Looking up at the cliff which drops from the end of Woodland Avenue onto McCauley’s beach, it seems impossible that houses could be built any closer to the rocky sand below.
Which is why nearby Thirroul residents have expressed shock over a new proposal for a luxury multi-level home and ocean-side pool which would be built down into the cliff face.
A development application before Wollongong City Council reveals ambitious plans to build a modern concrete and glass residence to the east of an existing home which is perched at the very end the street.
The top level of the new structure would be built at ground level, with the rest of the house will be tucked underneath. A spa and pool are proposed one level lower, even closer to the beach.
This week, Chris Gava joined a group of neighbours to express concerns about the plans, telling the Mercury she feared the building could end up like houses in Collaroy and Narrabeen, which were washed away in June’s east coast low.
Over the years, the long-time Woodland Avenue resident said erosion had eaten into land and the end of the street, which once housed a tennis court.
“It was a full-sized tennis court and it’s completely dropped down into the ocean,” Ms Gava said.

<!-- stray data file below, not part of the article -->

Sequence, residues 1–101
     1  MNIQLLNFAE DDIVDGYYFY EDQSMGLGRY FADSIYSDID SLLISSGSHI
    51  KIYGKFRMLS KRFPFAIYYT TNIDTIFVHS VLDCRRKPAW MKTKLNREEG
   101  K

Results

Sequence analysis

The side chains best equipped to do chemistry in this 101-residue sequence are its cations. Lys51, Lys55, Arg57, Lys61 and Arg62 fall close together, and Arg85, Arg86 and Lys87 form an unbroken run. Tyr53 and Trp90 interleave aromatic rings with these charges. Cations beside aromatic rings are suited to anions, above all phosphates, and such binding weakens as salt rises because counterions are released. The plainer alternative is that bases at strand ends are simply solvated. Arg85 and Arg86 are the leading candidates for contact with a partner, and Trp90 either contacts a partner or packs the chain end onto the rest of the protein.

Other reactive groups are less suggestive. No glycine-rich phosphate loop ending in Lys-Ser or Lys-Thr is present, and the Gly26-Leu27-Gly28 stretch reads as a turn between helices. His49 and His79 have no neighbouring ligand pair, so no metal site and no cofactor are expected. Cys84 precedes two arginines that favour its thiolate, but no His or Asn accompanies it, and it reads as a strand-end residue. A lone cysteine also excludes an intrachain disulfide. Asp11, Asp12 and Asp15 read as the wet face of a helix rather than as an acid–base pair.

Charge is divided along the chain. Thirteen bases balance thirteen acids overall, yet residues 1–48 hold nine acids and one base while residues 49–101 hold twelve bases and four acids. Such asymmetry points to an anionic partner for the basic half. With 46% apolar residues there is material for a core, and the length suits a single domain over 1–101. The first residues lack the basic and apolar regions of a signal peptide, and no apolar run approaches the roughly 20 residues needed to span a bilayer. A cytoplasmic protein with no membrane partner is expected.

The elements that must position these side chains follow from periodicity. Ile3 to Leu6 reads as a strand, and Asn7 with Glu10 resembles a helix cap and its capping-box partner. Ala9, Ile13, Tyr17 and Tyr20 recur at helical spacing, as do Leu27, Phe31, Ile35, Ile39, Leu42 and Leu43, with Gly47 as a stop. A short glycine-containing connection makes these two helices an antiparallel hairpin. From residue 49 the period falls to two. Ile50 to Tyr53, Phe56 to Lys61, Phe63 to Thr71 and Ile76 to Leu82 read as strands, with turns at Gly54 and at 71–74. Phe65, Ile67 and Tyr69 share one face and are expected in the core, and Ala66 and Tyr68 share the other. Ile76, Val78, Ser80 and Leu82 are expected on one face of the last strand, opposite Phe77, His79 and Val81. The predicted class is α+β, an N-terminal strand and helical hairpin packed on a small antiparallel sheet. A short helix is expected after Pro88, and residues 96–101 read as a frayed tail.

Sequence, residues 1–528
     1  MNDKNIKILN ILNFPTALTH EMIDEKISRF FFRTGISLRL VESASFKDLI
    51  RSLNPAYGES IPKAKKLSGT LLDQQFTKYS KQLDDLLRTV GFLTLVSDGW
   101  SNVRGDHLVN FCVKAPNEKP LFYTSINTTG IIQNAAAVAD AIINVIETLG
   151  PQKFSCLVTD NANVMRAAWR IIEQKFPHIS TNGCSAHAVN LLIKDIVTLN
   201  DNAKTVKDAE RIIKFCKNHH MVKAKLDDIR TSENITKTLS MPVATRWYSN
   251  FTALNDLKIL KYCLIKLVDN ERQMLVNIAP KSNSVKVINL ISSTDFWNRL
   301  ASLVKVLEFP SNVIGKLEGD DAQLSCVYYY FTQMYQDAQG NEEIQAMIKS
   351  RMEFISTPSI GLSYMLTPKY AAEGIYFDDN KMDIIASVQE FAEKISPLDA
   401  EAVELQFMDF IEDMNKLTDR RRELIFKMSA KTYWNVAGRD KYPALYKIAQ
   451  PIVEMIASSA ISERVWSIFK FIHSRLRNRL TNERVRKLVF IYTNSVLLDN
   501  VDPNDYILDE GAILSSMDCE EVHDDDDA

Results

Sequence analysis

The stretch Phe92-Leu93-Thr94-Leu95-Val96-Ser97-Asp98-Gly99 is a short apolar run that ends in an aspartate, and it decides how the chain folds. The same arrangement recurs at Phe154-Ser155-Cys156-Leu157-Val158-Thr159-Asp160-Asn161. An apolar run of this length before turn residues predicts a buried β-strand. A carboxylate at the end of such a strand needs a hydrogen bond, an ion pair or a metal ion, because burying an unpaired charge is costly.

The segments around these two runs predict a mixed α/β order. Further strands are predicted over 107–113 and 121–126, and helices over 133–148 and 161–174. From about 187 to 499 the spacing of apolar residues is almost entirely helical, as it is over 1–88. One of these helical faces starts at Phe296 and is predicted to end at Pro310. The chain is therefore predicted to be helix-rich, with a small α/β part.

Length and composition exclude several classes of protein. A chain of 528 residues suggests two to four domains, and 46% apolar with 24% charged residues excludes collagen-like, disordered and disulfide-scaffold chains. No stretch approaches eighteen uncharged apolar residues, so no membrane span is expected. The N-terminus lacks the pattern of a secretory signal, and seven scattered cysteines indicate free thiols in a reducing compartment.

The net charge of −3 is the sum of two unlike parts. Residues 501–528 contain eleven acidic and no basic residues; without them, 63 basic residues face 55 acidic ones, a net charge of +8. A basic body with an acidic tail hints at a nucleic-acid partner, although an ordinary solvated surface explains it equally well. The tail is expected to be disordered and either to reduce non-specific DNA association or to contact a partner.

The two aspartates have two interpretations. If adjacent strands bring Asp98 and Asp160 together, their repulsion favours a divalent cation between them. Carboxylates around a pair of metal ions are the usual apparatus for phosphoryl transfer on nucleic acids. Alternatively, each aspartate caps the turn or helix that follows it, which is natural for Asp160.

“I have concerns, because this house is going to be dug into the cliff and I’m worried its setting a precedent for our coastline.”
She said residents were also worried it would affect access and views from the neighbouring public reserve.
In documents submitted to the council, planners contended that the “fall of the land is not a constraint, as the dwelling had been designed to take into account this fall”.
Additionally, they said the house “does not impact on the natural and recreational attributes of the beach or headland area”.
“The proposed dwelling introduces a modern, coastal architecturally designed building in keeping with the coastal area,” the plans said.
The application acknowledges a council warning that the house would be built in the coastal zone, and would be affected by instability.
Geotechnical notes in the application highlight a landslip on the site in 2014, saying signs of instability such as “deep slope wash materials” were found below the cliff face.
The likelihood of a hazard occurring was assessed to be high, the application said, however the risk of the cliff face failing would be reduced to low if the proposed excavation retention system and footings for the development were carried out under geotechnical supervision.
The planners also said the site would be “stabilised to prevent erosion that has occurred”.